Sprint races = MotoGP 2.0

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The MotoGP race at Spielberg offered a lot I could write about. There was the outstanding performance of Ayumu Sasaki, who took victory in the Moto3 class despite two long-lap penalties. Or the Moto2 race with the team-internal fight between Ai Ogura and Somkiat Chantra, which offered suspense until the end. I could also easily write about the dominance of Ducati in MotoGP and the very good performance of Fabio Quartararo. All these topics would have been good to fill a blog post. I realized very quickly, however, that there was another topic for me. A topic that had nothing to do with last Sunday’s race, but with the future ones.

Starting next season, an additional sprint race will be held every Saturday. With a shorter number of laps and only half points, it should be more exciting for the spectators. More exciting? Has MotoGP become boring? In the current season and the past two seasons, the field of riders was very close together. The races were exciting throughout. Or did it just seem that way?

The hope is that the new concept will attract more spectators to the race track. In Jerez, only 123,000 spectators were on hand for the entire race weekend (in 2019, there were 151,000). Even more frightening are the figures from Mugello, only 74,000 spectators counted the entire race weekend. That’s a drop of over 40% compared to 2019 with 139,000 spectators. If you only look at these spectator numbers, considerations for a change are understandable. In contrast, however, there are new record spectator numbers from Le Mans (2019 – 206,000 / 2022 – 225,000) and the Sachsenring (2019 – 201,162 / 2022 – 232,000). So if you also look at these figures, the question quickly arises as to why spectator numbers are falling in some places and not in others.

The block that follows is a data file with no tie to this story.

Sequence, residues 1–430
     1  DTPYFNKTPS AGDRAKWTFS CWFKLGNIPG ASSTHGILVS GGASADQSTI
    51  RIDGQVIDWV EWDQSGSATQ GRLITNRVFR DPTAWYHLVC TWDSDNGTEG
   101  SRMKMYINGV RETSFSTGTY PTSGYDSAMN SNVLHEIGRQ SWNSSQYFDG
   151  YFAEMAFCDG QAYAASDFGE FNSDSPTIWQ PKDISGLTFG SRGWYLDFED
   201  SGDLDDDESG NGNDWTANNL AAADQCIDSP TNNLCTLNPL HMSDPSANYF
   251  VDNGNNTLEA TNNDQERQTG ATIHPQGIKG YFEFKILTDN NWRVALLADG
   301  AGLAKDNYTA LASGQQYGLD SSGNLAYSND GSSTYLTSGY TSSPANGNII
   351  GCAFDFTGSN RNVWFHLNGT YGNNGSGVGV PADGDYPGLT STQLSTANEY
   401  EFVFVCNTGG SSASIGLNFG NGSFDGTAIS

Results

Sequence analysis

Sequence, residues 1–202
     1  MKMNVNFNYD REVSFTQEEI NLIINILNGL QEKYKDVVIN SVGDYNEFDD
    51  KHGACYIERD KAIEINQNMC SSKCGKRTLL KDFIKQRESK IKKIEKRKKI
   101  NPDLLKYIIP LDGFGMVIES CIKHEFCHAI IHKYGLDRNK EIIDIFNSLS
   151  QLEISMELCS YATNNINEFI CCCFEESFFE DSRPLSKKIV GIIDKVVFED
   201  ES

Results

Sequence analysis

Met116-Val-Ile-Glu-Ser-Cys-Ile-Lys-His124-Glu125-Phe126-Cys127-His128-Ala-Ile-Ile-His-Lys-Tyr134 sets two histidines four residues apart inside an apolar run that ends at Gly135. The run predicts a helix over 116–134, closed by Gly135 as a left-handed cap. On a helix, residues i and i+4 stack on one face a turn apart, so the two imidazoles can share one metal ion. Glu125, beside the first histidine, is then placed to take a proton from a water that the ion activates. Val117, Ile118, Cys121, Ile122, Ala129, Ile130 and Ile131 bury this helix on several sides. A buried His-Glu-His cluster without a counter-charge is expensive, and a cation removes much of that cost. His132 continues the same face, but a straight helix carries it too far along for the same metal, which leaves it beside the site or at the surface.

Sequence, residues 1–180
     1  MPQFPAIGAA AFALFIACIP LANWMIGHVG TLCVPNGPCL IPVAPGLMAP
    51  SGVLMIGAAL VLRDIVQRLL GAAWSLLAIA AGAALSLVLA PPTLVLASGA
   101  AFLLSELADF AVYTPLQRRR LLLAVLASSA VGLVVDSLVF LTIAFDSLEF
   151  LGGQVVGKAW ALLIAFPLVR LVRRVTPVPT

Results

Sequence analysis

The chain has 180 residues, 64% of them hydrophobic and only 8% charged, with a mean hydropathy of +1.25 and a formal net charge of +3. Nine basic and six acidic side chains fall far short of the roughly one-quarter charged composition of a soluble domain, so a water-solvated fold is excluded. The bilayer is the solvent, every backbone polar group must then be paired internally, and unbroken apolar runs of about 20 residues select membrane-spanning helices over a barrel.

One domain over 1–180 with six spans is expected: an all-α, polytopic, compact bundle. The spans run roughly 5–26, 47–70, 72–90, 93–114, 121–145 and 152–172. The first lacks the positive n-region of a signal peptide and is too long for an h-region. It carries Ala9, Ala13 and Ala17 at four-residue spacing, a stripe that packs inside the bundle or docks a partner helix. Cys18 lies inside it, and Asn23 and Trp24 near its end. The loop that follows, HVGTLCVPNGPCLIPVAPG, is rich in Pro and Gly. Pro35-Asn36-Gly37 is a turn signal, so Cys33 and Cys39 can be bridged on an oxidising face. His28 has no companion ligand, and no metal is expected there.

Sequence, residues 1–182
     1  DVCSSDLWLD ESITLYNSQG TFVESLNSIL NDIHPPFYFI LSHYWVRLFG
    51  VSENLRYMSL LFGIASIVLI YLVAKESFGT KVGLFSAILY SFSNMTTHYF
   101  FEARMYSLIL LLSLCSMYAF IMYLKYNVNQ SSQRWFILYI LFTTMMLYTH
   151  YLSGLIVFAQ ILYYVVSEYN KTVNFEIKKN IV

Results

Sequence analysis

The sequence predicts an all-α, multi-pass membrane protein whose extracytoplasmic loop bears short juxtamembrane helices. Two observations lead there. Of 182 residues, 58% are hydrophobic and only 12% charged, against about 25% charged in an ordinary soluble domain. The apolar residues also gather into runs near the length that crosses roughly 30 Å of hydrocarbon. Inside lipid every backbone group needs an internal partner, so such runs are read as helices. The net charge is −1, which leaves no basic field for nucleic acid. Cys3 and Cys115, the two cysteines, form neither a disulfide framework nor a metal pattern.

One reason is quickly obvious. The big names are missing, first and foremost Valentino Rossi. He drew spectators to the track like no other. In addition, Marc Márquez was always absent for a longer period of time. The big names (Rossi, Marquez, Lorenzo, etc.) of the MotoGP sport drew the spectators to the track. They had edges and corners, but today’s riders often seem colorless. It seems to be more difficult for them to draw the fans to the track. The exception at the French GP was only Fabio Quartararo, who drew his fans to the track. Leaving that aside, there are also significant differences in ticket pricing. At Mugello, the cheapest weekend ticket cost 150 euros. That’s almost twice as much as in France. So it was not surprising that the grandstands at Mugello remained empty. At race tracks such as Le Mans, Spielberg or the Sachsenring, spectators are offered a comprehensive supporting program. With autograph sessions, exhibitions, freestyle shows and concerts, it pays to buy tickets twice over. Entertainment is therefore guaranteed at these circuits, even away from the races. Is there any need for additional sprint races?